Since the output current outputted from the PMOS transistor M5 of the above-described constant current source circuit 1 flows through the resistor R2, the bias circuit shown in FIG. 2 may output the stabilized (constant voltage) bias voltage Vb. It should be noted that a circuit which is indicated by reference numeral 202 and is constituted by an NMOS transistor MA and a PMOS transistor MB corresponds to one example of an initiating circuit provided in order to avoid that a stable balanced condition of the self-bias type constant current source circuit 201 is brought into a not-expected condition. In the constant current source circuit 201 shown in this drawing, a stable point is present under Vt=0, and the initiating circuit 202 pushes up the threshold voltage Vt of the NMOS transistor M1 to a desirable threshold voltage (namely, 0.9 V in this drawing).

As indicated in this drawing, the resistance values of the resistors R1 and R2 are 15 KΩ and 20 KΩ, respectively. If the threshold voltage Vt of the NMOS transistor M1 is equal to 0.9 V and the size ratio of the PMOS transistors M4 and M5 is equal to 2:1, then a current of 60 μA flows through the resistor R1 and another current of 30 μA flows throgh the resistor R2. As a result, 1.2 V is obtained as the bias voltage Vb.

In the above-described example, such a circuit using the self-bias type constant current source circuit has been represented as the bias circuit for supplying the stabilized bias voltage Vb to the Pch source follower FETs (PMOS transistors P21 to P25). Alternatively, if the above-described bias circuit corresponds to a so-called “band gap reference circuit” (which is described in pages 460 to 261 and pages 468 to 469 of “Design of Analog Cmos Integrated Circuit, Application edition, written by Behzad Razavi, translation supervised by Tadahiro Kuroda, published on May 31, 2003, which are expressly incorporated herein by reference in their entireties), and/or another bias circuit which can be hardly and adversely influenced by a variation in power supply voltages, then any of these circuits may be employed.

Next, FIG. 3 graphically shows a comparison example as to a relationship between the power supply voltages and the oscillating frequencies of the ring oscillator according to this embodiment and the ring oscillator having the conventional structure.

As represented in this drawing, a gradient of a graph (indicated as “new” in this drawing) between the power supply voltage and the oscillating frequency of the ring oscillator having the structure of this embodiment becomes gentle with respect to a gradient of a graph (denoted as “old” in this drawing) between the power supply voltage and the oscillating frequency of the ring oscillator having the conventional structure. It can be seen that the oscillating frequency of the ring oscillator of this embodiment can be hardly and adversely influenced.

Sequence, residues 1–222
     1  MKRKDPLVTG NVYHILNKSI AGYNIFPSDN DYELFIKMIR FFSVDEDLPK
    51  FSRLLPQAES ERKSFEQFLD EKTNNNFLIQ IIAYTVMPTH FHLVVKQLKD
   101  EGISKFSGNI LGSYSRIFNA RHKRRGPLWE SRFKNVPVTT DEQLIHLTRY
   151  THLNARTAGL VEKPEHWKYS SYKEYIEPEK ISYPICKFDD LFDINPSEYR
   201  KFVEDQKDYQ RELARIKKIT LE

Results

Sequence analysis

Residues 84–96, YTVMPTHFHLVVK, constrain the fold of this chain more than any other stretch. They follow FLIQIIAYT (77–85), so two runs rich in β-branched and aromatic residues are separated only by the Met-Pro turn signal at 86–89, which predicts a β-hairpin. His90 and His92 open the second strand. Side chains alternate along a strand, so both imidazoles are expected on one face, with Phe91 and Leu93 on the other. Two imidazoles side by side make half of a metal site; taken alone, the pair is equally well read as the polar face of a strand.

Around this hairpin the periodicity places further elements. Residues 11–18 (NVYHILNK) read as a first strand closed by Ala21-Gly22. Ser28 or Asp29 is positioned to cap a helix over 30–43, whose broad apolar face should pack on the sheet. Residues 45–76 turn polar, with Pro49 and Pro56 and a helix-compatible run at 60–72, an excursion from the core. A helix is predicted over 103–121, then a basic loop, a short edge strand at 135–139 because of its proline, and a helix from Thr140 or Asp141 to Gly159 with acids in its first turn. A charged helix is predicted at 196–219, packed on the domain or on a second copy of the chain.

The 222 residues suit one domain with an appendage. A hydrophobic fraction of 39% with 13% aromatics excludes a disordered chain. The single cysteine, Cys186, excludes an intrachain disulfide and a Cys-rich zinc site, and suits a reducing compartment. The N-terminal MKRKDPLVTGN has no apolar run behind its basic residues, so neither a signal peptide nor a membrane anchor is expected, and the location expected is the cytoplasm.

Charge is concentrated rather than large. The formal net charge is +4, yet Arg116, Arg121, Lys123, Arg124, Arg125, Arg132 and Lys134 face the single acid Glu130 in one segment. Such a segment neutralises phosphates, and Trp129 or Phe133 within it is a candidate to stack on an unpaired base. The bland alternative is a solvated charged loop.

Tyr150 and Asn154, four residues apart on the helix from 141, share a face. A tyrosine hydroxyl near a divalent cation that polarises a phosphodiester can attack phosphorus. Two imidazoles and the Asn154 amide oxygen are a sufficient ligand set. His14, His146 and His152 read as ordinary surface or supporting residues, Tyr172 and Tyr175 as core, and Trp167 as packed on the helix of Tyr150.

While the embodiment of the present invention has been described in detail with reference to the drawings, the concrete structure thereof is not limited only to this embodiment, but may apparently cover structures defined within the range without departing from the technical spirit of the present invention.

Referenced by
Citing PatentFiling datePublication dateApplicantTitle
US7224233 *Jan 15, 2005May 29, 2007Ana SemiconductorSmart lock-in circuit for phase-locked loops
US7466208Aug 4, 2006Dec 16, 2008Semiconductor Energy Laboratory Co., Ltd.Voltage controlled oscillator circuit, phase-locked loop circuit using the voltage controlled oscillator circuit, and semiconductor device provided with the same
US7592877Jun 29, 2007Sep 22, 2009Hitachi, Ltd.Variable frequency oscillator and communication circuit with it
US7663447Oct 19, 2007Feb 16, 2010Semiconductor Energy Laboratory Co., Ltd.Oscillator circuit having a stable output signal resistant to power supply voltage fluctuation
US7936225Dec 12, 2008May 3, 2011Semiconductor Energy Laboratory Co., Ltd.Voltage controlled oscillator circuit, phase-locked loop circuit using the voltage controlled oscillator circuit, and semiconductor device provided with the same
US8502611Mar 16, 2011Aug 6, 2013Semiconductor Energy Laboratory Co., Ltd.Voltage controlled oscillator circuit, phase-locked loop circuit using the voltage controlled oscillator circuit, and semiconductor device provided with the same
Classifications
U.S. Classification331/57
International ClassificationH03K3/354, H03K3/03, H03K3/011
Cooperative ClassificationH03K3/0315, H03K3/011
European ClassificationH03K3/011, H03K3/03D
Legal Events
DateCodeEventDescription
Oct 21, 2004ASAssignment
Owner name: YAMAHA CORPORATION, JAPAN
Free format text: ASSIGNMENT OF ASSIGNORS INTEREST;ASSIGNOR:YASUI, SHOJI;REEL/FRAME:015921/0239
Effective date: 20041006